## 1. Algorithm name

Rain attenuation correction of reflectivity an differential reflectivity: PolRainAttCorr?

## 2. Basic description

A number of methods have been proposed in the literature for correcting ZHH for rain attenuation (Bringi el. al., 1990, Carey et al., 2000, Tesud et. al., 2000, Bringi et al., 2001). Describing each one of these is beyond the scope of this report. However, it is suffice to state that from an operational point of view, the so-called “Linear ФDP with a fixed linear α”, by Bringi et. al., (1990) is preferred as it is easy to implement in real-time and is not too demanding computationally. However, its main dis-advantage is that it can over or under-estimate attenuation. In the current version of the software, this method has been implemented to correct for the attenuation suffered by ZHH and ZDR in rain.

## 3. Computational procedure

Similar to computing KDP, correcting ZHH and ZDR for rain attenuation is rather challenging as the underlying ФDP(r) are very “noisy” i.e., generally contain many outliers. The current method used at DMI was inspired by Bringi et. al. (2005) and involve the following steps:

1. Compute the texture of ФDP, Tex( ФDP(x,y)), using equation (2).
2. Generate range mask based on thresholds for Tex(ФDP(x,y)threshold), Signal-to-Noise Ratio (SNRthreshold) and ρHVthreshold to remove bad ФDP values.
3. Interpolate ФDP across “bad” data segments.
4. Compute the ФDP(0) i.e., offset at the “origin” by averaging the first N range gates FDP containing precipitation.
5. ФDP(r) is then smoothed using a median filter with a window size of ~ 5.0 km - 6.5 km.
6. Correct both ZHH and ZDR for rain attenuation using equations (13) and (16), respectively.

## 4. Theoretical background

For an inhomogeneous path, i.e. Ah varies along the path, the corrected ZHH (units of dB) is related to the measured measured ZHH at range r from the radar by the following expression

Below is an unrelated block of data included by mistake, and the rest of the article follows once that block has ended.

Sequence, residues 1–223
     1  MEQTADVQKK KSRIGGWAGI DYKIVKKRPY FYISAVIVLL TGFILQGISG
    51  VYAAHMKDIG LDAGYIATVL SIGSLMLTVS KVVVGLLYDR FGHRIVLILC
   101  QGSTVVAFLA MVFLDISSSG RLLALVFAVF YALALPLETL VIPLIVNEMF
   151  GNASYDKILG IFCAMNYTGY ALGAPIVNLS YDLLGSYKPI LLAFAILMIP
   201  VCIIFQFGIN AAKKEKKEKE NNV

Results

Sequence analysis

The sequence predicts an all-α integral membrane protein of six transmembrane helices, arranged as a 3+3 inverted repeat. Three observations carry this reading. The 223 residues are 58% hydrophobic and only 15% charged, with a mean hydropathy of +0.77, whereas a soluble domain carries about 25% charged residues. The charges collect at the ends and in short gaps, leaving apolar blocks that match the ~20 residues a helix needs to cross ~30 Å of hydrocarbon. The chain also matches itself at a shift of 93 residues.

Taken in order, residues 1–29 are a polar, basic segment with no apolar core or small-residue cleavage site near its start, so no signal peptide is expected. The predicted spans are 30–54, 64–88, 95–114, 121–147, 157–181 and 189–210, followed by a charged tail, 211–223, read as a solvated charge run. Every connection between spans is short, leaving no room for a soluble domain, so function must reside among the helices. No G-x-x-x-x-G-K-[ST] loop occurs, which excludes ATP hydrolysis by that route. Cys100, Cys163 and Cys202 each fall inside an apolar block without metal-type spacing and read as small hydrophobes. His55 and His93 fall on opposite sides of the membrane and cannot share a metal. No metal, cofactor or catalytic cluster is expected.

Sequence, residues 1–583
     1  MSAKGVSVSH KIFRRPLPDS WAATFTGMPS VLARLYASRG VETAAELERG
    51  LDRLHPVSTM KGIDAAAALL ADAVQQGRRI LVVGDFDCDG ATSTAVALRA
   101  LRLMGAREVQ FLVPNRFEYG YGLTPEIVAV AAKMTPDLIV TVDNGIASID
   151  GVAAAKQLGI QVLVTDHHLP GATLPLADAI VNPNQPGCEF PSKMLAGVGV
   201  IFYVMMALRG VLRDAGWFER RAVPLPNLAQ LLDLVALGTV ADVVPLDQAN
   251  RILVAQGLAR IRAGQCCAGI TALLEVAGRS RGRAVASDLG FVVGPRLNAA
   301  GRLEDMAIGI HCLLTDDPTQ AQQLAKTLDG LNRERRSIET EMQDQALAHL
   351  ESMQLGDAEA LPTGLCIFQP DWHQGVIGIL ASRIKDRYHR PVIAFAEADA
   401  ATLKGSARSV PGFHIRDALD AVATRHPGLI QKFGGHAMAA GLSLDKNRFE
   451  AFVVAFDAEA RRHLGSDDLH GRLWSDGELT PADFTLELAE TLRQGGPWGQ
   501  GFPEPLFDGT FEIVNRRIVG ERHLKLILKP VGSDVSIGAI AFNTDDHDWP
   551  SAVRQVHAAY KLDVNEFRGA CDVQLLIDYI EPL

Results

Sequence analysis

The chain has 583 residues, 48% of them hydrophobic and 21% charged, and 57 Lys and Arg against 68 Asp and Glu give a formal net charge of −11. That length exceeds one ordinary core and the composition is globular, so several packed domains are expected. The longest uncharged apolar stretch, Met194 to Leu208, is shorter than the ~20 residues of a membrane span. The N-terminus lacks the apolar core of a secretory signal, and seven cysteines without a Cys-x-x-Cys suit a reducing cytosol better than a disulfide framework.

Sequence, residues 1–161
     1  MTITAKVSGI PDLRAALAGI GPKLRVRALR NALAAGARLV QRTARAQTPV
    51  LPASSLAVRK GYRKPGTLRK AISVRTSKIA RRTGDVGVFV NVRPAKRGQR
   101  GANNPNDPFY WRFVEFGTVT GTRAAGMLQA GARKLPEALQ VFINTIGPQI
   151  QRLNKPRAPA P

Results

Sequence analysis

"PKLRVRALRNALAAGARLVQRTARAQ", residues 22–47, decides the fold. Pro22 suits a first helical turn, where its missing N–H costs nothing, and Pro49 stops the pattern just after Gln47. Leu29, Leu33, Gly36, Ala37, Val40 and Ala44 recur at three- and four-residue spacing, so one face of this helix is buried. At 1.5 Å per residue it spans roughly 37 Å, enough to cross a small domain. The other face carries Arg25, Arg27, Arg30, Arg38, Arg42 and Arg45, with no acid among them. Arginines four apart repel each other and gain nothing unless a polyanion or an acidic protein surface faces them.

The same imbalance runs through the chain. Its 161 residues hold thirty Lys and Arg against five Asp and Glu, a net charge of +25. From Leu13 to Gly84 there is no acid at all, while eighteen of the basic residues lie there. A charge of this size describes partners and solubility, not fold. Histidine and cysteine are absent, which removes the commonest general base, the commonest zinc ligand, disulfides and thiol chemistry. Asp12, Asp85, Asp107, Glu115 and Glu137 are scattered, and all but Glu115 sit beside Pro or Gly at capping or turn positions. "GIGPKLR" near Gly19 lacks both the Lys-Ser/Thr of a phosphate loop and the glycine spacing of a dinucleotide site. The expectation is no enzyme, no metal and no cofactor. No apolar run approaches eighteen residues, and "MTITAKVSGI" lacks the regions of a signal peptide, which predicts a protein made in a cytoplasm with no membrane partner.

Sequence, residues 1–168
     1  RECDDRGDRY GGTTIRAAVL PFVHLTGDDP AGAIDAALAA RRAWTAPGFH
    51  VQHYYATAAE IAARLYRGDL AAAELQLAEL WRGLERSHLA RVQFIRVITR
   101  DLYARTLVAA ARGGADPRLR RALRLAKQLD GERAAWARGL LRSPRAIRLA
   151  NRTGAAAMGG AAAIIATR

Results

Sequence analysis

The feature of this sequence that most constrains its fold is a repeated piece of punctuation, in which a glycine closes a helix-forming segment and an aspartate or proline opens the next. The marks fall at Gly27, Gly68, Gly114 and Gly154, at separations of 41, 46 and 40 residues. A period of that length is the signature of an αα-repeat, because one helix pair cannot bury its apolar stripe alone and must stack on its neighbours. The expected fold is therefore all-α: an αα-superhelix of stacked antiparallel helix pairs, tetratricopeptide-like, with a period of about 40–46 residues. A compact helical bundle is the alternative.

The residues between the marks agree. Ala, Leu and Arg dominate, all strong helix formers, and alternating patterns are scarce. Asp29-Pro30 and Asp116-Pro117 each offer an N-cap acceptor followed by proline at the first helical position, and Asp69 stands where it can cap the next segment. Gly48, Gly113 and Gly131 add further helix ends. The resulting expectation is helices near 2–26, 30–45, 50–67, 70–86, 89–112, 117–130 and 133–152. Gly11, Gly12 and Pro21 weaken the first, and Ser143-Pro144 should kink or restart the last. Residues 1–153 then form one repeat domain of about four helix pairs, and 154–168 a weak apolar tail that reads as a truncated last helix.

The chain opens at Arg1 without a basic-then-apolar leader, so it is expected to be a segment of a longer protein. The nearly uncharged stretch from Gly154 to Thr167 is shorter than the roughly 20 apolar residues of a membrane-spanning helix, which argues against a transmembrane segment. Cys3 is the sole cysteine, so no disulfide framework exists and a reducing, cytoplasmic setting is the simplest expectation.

Substituting equation (10) into the above expression and assuming a is constant we get

Now substituting for KDP from equation (1), the following expression is obtained for the corrected ZHH

Thus knowing by how much ФDP increases from its value at the origin ФDP(0) it is possible to correct the radar reflectivity, ZHH,

### Radar differential reflectivity rain attenuation correction

Just like the above radar horizontal reflectivity, ZHH , the differential reflectivity also suffer from rain attenuation, especially at C- and X-bands. To estimate the rain attenuation of ZDR, we repeat the above procedure for ZHH. We get in this case the following expression

where ADP is the difference between the specific attenuations between the horizontally and vertically polarized waves, i.e., ADP = AH - AV , and is normally referred to as the specific differential attenuation. By analogy to equation (10) a linear relationship between ADP and KDP has been proposed (Bringi et. al., 1990) i.e.,

Substituting equation (15) into (14) we get the following expression for the corrected ZDR

The coefficient β is typically 0.01-0.003 at C-band (Bringi et. al., 2005).

### References

Bringi V. N., Chandrasekar N., Balakrishnan and Zrnic D. S., 1990, ”Anexamination of propagationeffects in rainfall on radar measurements at microwave frequencies”, J. Atmos. Oceanic Tech.,vol., 7, 829 – 840.

Bringi, V. N., Chandrasekar, V.: 2001, ”Polarimetric Doppler Weather Radar”, Cambridge Univ.press, Cambridge, UK.

Bringi V. N., Thurai R., and Hannesen R., 2005, “Dual-Polarization Weather Radar Handbook”,AMS-Gematronik GmbH.

Carey L. D., Rutledge S. A., Ahijevych D. A., and Keenan T. D., 2000, “ Correcting propagationeffects in C-band polarimetric radar observations of tropical convection using differential propagationphase”, J. Appl. Meteor., vol. 39, 1405 – 1433.